A chargeback is when a customer or issuing bank disputes one of your transactions. For example, if a customer has a transaction on their statement that they don’t recognize, they can contact their bank to dispute the transaction. Read more
There are up to four stages in the chargeback process, which include the following:
Second chargeback, also known as pre-arbitration
A retrieval request is when a cardholder’s bank asks a merchant to send information about a transaction. Read more
A retrieval request is when a bank asks you to send information about a transaction that a customer disputed. You receive a retrieval request in the mail.
A retrieval request doesn’t cost you anything, however, not responding to the request leads to a chargeback. Read more
When you receive a retrieval request, you should provide all available documentation to support the transaction. The documentation should relate to the reason stated on the retrieval request and you should return the documentation by the date listed on the request. Read more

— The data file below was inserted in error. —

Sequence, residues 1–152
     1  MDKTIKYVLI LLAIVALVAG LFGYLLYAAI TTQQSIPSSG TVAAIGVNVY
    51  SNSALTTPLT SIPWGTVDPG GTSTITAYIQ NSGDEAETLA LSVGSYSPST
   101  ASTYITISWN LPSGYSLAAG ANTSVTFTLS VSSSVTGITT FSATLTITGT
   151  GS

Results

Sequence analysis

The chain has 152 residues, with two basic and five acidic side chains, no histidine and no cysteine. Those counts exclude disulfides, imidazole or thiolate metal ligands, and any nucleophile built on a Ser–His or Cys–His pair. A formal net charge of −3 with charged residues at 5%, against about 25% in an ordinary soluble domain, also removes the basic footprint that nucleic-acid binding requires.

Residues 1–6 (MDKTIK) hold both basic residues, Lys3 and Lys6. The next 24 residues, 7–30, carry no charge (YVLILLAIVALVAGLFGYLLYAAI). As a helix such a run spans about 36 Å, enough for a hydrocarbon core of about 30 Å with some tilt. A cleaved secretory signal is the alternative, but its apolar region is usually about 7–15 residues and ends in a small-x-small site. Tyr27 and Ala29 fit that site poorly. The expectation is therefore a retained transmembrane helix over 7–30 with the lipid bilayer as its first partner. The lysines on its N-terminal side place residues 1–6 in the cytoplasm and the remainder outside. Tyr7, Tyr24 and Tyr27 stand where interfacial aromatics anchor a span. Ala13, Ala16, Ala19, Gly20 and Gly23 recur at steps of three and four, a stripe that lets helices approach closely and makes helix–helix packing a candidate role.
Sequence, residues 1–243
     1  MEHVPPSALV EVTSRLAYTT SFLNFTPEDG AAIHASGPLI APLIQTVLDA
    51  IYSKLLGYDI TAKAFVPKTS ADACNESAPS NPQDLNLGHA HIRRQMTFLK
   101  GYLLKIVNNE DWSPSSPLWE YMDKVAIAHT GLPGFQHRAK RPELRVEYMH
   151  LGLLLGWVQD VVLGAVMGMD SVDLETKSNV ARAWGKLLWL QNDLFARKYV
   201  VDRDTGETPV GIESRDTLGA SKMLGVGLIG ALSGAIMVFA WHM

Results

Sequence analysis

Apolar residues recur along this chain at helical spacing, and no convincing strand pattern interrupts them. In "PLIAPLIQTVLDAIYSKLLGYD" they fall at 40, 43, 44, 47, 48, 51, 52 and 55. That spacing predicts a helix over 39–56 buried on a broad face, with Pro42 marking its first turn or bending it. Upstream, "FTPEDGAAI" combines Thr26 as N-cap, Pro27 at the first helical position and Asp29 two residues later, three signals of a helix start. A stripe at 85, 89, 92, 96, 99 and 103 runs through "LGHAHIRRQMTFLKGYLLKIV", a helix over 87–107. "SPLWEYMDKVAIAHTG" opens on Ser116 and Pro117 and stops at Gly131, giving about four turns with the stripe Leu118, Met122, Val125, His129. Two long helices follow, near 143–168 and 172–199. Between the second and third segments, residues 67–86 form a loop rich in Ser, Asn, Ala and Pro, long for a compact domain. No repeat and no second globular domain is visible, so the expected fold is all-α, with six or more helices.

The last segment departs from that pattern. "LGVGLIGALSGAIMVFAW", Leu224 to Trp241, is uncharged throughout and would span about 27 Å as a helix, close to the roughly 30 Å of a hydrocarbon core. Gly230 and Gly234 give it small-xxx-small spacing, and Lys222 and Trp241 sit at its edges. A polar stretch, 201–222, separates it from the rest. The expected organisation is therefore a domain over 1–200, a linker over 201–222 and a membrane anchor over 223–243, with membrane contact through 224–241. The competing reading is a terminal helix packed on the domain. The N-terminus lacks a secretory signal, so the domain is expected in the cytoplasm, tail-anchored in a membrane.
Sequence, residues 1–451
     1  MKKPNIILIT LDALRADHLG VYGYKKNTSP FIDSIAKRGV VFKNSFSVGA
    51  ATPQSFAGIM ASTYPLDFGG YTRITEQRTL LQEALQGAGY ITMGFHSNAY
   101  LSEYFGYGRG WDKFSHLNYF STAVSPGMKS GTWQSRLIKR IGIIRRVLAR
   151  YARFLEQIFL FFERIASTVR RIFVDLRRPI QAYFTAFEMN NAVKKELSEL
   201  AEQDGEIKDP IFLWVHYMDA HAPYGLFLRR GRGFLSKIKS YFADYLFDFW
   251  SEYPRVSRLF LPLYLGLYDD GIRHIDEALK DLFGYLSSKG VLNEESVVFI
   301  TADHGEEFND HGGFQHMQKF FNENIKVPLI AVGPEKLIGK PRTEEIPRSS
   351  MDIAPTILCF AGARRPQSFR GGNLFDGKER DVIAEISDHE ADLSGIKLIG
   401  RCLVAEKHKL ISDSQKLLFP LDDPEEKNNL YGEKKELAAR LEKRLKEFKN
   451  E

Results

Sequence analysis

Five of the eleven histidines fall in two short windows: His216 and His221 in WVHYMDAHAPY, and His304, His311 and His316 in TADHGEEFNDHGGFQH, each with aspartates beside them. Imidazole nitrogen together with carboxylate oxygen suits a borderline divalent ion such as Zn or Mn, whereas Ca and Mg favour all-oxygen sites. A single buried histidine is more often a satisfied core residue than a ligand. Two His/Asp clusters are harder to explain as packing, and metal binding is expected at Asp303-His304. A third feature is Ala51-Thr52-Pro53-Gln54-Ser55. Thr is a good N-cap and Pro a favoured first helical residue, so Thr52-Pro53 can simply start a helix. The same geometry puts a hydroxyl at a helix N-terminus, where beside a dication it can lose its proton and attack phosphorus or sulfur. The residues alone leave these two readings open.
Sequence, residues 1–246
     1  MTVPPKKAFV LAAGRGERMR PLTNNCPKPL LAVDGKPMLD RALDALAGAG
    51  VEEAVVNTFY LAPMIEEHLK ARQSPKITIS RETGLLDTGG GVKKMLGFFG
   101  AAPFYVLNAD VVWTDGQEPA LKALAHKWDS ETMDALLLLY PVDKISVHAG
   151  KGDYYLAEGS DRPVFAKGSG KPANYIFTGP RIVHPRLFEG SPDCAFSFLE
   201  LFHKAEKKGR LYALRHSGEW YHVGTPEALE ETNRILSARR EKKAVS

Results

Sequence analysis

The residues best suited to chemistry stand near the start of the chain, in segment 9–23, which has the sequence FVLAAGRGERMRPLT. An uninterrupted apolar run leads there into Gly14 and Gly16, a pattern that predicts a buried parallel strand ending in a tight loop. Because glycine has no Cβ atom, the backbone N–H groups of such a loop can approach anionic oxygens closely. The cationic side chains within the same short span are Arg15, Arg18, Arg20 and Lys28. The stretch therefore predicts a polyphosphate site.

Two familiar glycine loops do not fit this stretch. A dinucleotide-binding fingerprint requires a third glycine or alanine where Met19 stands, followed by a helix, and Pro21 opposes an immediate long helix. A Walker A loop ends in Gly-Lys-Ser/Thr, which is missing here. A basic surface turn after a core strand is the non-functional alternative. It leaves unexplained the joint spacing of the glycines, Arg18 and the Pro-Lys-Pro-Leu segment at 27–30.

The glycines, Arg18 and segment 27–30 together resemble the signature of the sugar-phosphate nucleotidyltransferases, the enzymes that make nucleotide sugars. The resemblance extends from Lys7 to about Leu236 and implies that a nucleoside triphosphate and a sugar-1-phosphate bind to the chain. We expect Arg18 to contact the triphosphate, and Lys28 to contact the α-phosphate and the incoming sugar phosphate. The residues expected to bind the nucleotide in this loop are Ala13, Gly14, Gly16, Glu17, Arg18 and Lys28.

When you respond to a retrieval request, the issuing bank or cardholder decides if you have given enough evidence to prove that the transaction took place and is genuine.
If your evidence proves that the transaction is genuine, the issuing bank doesn’t ask that we take the disputed amount from your account. Read more
You can avoid chargebacks by using the following best practices:
Obtain the cardholder’s signature to confirm they received the merchandise in good condition.
Be careful when manually keying an account number for approval to prevent keying errors. Read more